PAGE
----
Magical Comrade Molotov Catgirl
There Is No Hope, Therefore We Rebel
“Rebels without a cause” is often used as a derision against those who seek the destruction of status quo without any idea as to what should replace it; it’s a common accusation thrown at nihilists and other anarchists, oftentimes even by leftists. But must rebels have a cause? Every cause comes with it a blueprint for the future, a new world order to be established in the ruins of the old world. But there’s no guarantee that anyone’s vision of the future is truly an improvement on the human condition, or that it will survive contact with human nature. And while we’re waiting on the futurists and visionaries to plot the perfect order, people are dying of existing systems of oppression as we speak, and any delay is little different from a death sentence to these minorities and marginalized. From a nihilist point of view, the so-called human “progress” is little more than the same oppressors getting better public relations, and it’s more than likely that nothing about the world – past, present, or even future – is worth keeping. Under this premise, wanton destruction is not only acceptable, it’s in fact desirable for nihilists, whose job is to tear down everything that currently exists and facilitate perpetual revolutions in the future.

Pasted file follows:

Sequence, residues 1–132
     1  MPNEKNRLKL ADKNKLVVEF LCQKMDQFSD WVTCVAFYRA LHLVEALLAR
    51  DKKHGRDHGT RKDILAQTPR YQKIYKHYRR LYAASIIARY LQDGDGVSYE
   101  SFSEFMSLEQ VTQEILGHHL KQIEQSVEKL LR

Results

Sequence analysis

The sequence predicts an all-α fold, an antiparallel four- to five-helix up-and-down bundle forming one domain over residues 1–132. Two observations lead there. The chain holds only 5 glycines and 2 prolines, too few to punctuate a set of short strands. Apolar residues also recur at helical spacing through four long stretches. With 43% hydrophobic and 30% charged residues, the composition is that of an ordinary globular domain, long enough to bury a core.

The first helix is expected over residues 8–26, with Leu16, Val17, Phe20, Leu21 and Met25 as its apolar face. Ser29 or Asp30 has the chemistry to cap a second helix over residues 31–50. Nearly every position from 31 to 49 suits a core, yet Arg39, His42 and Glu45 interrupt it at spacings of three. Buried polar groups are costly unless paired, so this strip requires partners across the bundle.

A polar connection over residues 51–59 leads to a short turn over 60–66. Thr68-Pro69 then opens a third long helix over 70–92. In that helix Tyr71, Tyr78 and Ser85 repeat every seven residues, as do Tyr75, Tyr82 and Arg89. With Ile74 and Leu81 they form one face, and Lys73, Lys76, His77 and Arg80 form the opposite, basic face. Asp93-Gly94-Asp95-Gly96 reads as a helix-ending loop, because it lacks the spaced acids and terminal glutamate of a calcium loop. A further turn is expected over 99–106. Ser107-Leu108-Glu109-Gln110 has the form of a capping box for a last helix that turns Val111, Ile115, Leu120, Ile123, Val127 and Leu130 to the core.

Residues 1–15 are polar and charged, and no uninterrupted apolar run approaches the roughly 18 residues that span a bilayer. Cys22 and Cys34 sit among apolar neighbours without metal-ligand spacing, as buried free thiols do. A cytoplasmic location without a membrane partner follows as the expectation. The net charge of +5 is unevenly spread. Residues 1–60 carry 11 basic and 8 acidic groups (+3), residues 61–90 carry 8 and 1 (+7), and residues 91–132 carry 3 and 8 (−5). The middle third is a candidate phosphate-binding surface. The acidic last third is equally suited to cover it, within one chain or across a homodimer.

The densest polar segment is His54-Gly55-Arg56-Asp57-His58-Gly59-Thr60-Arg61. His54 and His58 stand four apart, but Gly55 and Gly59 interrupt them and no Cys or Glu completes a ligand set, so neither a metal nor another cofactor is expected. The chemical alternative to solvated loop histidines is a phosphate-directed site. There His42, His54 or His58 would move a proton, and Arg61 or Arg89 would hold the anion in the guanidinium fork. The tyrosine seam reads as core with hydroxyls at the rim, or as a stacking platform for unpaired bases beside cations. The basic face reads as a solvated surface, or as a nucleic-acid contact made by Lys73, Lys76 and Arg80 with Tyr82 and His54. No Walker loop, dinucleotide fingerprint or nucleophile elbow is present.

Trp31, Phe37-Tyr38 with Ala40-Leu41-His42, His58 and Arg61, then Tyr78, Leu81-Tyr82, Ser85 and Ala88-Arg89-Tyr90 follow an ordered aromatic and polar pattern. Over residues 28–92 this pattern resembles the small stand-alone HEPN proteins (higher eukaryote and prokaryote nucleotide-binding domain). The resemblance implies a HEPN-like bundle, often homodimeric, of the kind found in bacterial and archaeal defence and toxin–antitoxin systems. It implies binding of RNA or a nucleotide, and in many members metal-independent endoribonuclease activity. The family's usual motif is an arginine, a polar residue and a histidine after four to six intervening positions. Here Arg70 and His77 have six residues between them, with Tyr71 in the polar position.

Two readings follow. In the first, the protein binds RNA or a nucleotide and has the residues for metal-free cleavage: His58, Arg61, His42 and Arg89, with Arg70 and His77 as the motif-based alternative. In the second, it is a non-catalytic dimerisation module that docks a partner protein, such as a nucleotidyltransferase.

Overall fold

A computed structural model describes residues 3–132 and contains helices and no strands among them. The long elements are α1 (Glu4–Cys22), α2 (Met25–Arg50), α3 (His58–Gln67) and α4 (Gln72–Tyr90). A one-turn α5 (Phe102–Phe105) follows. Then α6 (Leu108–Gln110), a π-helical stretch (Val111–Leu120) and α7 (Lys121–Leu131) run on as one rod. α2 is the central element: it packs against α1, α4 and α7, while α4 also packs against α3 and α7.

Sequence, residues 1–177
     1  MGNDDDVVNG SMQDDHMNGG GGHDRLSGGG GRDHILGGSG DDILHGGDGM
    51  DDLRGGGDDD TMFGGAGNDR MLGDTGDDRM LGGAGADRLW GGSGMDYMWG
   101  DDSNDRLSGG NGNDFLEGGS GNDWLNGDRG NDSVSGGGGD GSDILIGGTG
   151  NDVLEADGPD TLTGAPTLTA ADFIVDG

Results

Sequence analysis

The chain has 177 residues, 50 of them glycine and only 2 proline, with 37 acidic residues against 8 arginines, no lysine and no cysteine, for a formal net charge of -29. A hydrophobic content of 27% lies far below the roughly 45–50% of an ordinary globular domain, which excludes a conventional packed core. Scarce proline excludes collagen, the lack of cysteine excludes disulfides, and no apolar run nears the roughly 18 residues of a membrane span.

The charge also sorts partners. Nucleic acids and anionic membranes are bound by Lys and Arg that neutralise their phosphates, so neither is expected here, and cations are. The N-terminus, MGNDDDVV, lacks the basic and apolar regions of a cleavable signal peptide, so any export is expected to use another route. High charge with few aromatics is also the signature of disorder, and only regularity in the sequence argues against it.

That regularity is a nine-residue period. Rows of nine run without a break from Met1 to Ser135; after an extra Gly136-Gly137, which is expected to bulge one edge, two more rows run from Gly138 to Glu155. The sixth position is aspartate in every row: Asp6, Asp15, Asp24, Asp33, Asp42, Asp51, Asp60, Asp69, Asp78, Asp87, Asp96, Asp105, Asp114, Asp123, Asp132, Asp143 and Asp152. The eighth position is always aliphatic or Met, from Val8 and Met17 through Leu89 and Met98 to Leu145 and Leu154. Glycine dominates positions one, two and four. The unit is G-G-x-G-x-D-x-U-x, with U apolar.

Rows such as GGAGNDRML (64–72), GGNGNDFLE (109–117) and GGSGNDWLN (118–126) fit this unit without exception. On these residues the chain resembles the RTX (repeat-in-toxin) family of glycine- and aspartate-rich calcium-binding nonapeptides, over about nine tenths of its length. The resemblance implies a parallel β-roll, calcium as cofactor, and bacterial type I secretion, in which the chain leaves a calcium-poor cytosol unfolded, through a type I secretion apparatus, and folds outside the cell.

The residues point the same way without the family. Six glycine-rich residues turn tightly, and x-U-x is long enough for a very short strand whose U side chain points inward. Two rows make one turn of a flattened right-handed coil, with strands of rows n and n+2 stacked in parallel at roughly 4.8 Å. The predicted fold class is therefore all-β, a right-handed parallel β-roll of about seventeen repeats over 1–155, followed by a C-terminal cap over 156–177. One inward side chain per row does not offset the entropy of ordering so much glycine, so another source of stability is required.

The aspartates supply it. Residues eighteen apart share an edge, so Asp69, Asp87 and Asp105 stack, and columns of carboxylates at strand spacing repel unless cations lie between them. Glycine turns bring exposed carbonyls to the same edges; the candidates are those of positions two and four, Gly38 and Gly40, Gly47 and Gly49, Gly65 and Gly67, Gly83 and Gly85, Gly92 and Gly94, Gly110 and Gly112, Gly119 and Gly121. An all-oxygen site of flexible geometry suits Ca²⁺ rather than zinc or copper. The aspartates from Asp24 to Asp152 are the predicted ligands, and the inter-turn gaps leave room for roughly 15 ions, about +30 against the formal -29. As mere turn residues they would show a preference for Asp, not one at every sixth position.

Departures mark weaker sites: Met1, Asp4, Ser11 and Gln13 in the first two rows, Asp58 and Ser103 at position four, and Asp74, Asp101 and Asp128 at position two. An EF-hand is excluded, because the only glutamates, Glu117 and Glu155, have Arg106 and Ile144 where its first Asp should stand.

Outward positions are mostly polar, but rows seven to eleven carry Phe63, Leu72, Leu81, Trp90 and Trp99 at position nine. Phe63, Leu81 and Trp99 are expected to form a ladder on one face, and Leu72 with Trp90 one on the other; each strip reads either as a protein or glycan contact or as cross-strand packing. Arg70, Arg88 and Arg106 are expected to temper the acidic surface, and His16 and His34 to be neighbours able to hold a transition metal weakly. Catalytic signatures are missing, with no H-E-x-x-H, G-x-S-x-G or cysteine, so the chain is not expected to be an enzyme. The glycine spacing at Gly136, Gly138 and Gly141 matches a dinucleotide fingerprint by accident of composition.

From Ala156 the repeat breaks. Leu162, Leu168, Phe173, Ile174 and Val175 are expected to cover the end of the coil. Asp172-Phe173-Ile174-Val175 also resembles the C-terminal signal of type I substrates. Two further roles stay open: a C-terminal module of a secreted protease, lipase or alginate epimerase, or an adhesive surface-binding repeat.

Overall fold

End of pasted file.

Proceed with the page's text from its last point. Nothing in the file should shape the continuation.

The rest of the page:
While nihilists may sneer at the very idea of rebranding, there is some merit in separating nihilists who choose to resist the injustice of the world from those that choose apathy and inaction; anarcho-nihilism was the term used in Blessed is the Flame by Serafinski, which some views as redundant when nihilism is readily a strain of anarchism, and it nevertheless falls prey to Capitalist propaganda of all anarchists being nihilists. Insurrectional nihilism, then, focuses the conversation on what separates these nihilists from others: unbridled rage at the status quo and a burning desire to see the world reduced to cinder.
Insurrectional nihilism is also a good contrast to something we like to call “institutional nihilism,” an attitude commonly exhibits by political moderates and centrists: that since better things aren’t possible and status quo is God, any resistance is futile and any change should be rejected. While these cowards will never accept the nihilist label, they start out with the same premise of “no future,” and arrived at the bleakest conclusion: instead of the outrage, despair, or humor of other nihilists, institutional nihilists chose the path of aggressive apathy. They will never fight systems of oppression in any way, shape, and form, and they don’t even have the decency to get out of the way and watch the world burn. They insist on burying and ridiculing anyone who wants to put up a fight and potentially make a difference, however small and temporary it may be. They saw a world without hope and decide to keep everyone in it so all can suffer with them. We see the same world without hope and future, but we decide to raise bloody hell and burn it all down, because it deserves to burn and there’s just a small chance that something better might be built in its ashes. While institutional nihilists are cynics with utter faith in their privilege to trample everyone beneath their feet, we are idealists who believes in nothing but the right and necessity to rebel, to resist, and to fight.
We are insurrectional nihilists. There is no hope, therefore we rebel.